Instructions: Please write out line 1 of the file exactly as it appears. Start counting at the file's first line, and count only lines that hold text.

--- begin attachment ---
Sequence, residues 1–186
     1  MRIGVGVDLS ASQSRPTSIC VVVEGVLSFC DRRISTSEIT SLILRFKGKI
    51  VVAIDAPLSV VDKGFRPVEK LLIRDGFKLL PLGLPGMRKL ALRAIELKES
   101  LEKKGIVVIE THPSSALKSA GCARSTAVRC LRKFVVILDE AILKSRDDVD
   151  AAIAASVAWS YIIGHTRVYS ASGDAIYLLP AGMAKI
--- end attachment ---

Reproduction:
Sequence, residues 1–186